THE DEATH OF R&B
who stole the soul?
I know I look like I'm interviewing to be Mark Anthony Neal's publicist but it's not my fault Mark's insanely prolific and notable with his quotables. He recently wrote this essay for Popmatters.com (yes, see, they do have good content): Rhythm and Bullshit?: The Slow Decline of R&B.
First of all, let me just point out that this is what public intellectual work should ideally look like: it's not just about stating an opinion (even a provocative and articulate one), it's also about demonstrating that you've done your homework, that you possess a body of knowledge that you are contributing to, that you pay attention to the larger conversations out there. Hell, I don't meet this standard most of the time but Mark doesn't half step.
The way the essay opens - even with just the title - you might think you're in for another, "music isn't good like it was back in the day" rant but instead, Mark quickly establishes where he's coming from and where he's headed. In short, his essay looks at the structural changes in the music industry since the 1970s and how this has shifted the course of popular music, transforming "soul" - as the embodiment of Blackness - into "R&B", moving away from the black gospel and blues tradition, into a more deracialized, crossover aesthetic. Here's a few choice passages:
- "Hip-hop may have sold out, but at least it has sold out on its own terms. R&B, on the other hand, has sold out on somebody else's, on a pop-chart paper chase."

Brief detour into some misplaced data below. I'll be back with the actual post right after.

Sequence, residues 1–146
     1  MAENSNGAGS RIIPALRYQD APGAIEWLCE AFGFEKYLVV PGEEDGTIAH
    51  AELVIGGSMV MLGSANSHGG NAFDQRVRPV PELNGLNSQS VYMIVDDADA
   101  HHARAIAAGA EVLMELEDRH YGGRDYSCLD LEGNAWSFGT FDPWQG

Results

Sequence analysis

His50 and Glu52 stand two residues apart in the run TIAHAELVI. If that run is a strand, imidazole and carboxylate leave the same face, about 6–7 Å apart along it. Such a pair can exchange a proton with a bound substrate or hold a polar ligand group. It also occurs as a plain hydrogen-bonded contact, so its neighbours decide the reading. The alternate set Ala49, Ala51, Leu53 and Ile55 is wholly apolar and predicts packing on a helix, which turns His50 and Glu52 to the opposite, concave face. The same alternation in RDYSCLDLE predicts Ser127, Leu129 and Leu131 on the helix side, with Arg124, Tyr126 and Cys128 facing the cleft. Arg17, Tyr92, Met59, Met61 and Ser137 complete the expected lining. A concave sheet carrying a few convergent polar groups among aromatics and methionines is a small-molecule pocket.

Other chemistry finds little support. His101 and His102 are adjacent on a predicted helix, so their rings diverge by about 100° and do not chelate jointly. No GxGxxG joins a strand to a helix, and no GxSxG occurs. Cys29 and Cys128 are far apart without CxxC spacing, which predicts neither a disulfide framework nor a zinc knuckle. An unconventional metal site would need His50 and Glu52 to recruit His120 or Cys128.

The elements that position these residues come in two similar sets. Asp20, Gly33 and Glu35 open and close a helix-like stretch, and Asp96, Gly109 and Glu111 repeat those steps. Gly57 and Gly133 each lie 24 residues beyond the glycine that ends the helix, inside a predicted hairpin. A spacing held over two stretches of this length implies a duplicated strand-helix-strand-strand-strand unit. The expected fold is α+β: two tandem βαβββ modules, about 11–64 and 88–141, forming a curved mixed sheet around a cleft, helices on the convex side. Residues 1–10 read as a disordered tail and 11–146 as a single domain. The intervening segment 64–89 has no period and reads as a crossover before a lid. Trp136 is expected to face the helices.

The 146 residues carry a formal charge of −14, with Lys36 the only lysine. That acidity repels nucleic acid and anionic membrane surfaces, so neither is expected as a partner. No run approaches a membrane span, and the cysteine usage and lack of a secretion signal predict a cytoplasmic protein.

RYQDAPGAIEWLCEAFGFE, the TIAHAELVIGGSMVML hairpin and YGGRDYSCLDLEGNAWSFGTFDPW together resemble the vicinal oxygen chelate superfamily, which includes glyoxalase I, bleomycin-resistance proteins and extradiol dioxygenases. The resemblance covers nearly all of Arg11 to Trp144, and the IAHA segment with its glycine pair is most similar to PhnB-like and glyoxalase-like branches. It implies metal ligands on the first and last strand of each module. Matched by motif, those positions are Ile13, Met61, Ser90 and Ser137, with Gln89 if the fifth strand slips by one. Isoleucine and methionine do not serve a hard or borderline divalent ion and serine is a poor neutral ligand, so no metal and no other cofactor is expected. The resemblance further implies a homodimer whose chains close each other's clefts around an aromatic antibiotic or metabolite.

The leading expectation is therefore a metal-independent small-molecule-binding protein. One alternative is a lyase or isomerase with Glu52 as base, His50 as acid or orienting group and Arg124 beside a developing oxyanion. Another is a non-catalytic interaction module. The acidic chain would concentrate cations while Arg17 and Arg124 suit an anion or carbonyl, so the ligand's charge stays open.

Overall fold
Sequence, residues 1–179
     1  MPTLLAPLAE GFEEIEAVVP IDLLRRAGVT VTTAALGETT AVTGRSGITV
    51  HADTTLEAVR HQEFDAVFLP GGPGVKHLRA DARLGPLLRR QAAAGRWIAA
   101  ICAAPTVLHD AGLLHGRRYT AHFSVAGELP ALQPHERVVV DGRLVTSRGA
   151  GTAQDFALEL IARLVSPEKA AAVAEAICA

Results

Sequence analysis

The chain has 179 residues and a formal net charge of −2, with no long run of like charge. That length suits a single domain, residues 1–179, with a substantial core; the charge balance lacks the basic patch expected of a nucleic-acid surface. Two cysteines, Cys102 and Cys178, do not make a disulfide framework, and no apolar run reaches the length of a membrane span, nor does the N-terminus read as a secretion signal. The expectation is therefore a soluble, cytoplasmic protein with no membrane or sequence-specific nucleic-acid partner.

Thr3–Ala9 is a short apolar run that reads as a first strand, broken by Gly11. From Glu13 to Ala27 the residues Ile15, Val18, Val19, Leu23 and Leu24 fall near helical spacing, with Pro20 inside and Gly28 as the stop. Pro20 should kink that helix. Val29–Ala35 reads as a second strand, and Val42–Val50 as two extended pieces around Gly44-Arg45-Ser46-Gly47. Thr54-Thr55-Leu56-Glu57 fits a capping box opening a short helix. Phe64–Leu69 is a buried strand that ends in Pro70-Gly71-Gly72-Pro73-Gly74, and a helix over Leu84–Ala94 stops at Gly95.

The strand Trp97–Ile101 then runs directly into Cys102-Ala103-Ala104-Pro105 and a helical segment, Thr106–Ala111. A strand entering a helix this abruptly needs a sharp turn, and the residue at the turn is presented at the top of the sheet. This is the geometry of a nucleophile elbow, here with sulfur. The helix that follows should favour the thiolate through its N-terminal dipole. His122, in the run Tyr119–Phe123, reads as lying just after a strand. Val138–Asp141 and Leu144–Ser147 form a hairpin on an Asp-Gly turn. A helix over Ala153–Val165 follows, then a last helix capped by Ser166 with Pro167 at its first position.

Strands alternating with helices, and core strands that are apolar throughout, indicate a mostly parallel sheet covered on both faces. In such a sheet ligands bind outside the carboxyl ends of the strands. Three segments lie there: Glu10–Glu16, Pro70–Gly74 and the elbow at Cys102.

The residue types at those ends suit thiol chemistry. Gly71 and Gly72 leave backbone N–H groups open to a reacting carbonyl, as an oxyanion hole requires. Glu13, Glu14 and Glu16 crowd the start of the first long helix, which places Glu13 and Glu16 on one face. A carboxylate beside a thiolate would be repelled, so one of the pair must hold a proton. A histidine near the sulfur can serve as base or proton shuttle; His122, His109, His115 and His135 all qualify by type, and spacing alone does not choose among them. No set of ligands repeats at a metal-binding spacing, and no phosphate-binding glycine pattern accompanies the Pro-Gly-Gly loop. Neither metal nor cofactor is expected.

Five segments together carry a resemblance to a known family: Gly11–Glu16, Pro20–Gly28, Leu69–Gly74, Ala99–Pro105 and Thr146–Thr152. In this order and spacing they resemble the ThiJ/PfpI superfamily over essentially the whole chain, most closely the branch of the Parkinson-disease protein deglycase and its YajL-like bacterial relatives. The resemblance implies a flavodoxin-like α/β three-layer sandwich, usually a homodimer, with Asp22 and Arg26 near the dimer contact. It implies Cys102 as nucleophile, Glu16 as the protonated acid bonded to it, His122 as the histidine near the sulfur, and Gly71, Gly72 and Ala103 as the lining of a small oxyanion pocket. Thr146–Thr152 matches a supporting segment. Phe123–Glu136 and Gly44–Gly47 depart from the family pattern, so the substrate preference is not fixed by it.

"The current state of R&B comes not from a sudden decline, but a process more than 30 years in the making.This story begins in 1972, when a few enterprising master's students at the Harvard Business School prepared a study, commissioned by one of Columbia's execs, detailing how the Columbia Records Group could better integrate the then largely independent black music industry into the mix. The now infamous Harvard Report -- officially known as "A Study of the Soul Music Environment" -- has often been referred to as a sinister blueprint aimed at arming a litany of "culture bandits" with the theoretical tools to return black culture to a neo-colonial state." [Note: I need to read this]
"What those MBA students articulated was a no-brainer marketing plan, informed by the commercial success of Motown and the cynical (though not mistaken) view that the Civil Rights "revolution" likely had more to do with the realities that black folk had disposable income and white folk consumed a hell of a lot of black popular culture than anything to do with real structural change in American society."
"The term R&B is essentially a shortened version of "Rhythm & Blues", but as a novice might discern, that which is called R&B bears little resemblance to the musical landscape created by Ruth Brown, Louis Jordan, Laverne Baker, Charles Brown and the Coasters...R&B was essentially a marketing ploy...born out of competing logics -- record companies tried to negotiate the realities of black culture and identity within the history of race relations in America while trying at the same time to reach a wider audience of black consumers and white record buyers."
"As R&B began to be viewed as the quintessence of upscale blackness, the more gritter aspects of black popular music...began to disappear from the program list of some urban radio outlets in the late 1970s."
"...what the report details is the blueprint for the black boutique label -- essentially based on a model of neo-colonialism, where an imperialist power exploits the raw materials and talents of its satellites under the pretense that such satellites are autonomous."